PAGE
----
University of Bath, University of Bristol and Watershed, Bristol’s digital
creativity centre. The partnership aims to connect the worlds of university
research and creative business to collectively imagine and develop the
future of the creative industries.

All creative work or papers presented at the conference will be considered
for publication in a Special Issue of the International Journal of Creative
Media Research https://www.creativemediaresearch.org (IJCMR), edited by
the event organisers. IJCMR is an interdisciplinary, peer-reviewed and open
access journal devoted to pushing forward the approaches to and
possibilities for publishing creative media research.

Please send proposals of no more than 300 words (accompanied by a short
biography) to Matthew Freeman (m.freeman@bathspa.ac.uk
<mailto:m.freeman@bathspa.ac.uk) by no later than *March 15, 2020*.

/About the keynote speakers:/

Professor Graham Thomas is Section Lead, Immersive & Interactive
Content at BBC R&D, where he leads a team of 20 engineers developing
next-generation audio and video systems in ways that can offer new
interactive opportunities for audiences. Graham helped establish the
BBC Audio Research Partnership
https://www.bbc.co.uk/rd/projects/audio-research-partnership. He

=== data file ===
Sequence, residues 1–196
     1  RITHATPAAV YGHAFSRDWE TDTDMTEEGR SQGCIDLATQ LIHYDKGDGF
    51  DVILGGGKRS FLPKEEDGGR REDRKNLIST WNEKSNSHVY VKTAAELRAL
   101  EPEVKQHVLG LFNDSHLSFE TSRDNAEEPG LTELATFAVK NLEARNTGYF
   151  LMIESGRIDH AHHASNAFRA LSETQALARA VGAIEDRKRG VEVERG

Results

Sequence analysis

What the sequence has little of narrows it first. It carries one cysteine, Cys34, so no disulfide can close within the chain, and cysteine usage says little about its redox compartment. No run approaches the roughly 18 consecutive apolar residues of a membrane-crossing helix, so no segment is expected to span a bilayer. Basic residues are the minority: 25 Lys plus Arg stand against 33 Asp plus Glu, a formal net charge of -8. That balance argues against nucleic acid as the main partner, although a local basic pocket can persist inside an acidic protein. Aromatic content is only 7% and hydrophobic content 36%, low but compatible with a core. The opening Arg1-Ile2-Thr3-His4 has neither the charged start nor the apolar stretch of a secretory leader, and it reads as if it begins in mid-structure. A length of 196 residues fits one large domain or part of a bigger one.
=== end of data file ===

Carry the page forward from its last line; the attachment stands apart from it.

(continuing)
was a key player in the development of the award-winning Piero
https://www.bbc.co.uk/rd/projects/piero sports graphics system and
the free-d camera tracking system for virtual studios. His earlier
work included motion-compensated standards conversion, which led to
the Emmy-award-winning Alchemist standards converter.

Professor Mandy Rose is Professor of Documentary & Digital
Cultures at the University of the West of England, where she is
Director of the Digital Cultures Research Centre. She is
Co-Investigator on the EPSRC Virtual Realities: Immersive
Documentary Encounters http://vrdocumentaryencounters.co.uk
project, a £1.2m 2.5 year project that interrogates the application
of virtual reality for nonfiction. She is also co-convenor of the
i-Docs http://i-docs.org Symposium. Mandy’s background is in TV
and film production, sound recording, producing, and directing
documentary and factual television.

Professor Darren Cosker* is Professor in Computer Science at the
University of Bath, where he is currently the Director of the Centre
for the Analysis of Motion, Entertainment Research and Applications
(CAMERA) https://www.camera.ac.uk, funded by EPSRC/AHRC. His
research cuts across different disciplines, such as Computer Vision,
Graphics, AI and Psychology, including work on human motion
analysis, recognition and synthesis, and data modeling. Applications
of Darren’s research have been across the creative industries
(including partnerships with the BBC and Aardman), the healthcare
sector, and sport.

Full information about the conference can be found here
https://www.bathspa.ac.uk/news-and-events/events/ijcmr-conference/.
General enquiries can be sent to Matthew Freeman (m.freeman@bathspa.ac.uk
mailto:m.freeman@bathspa.ac.uk).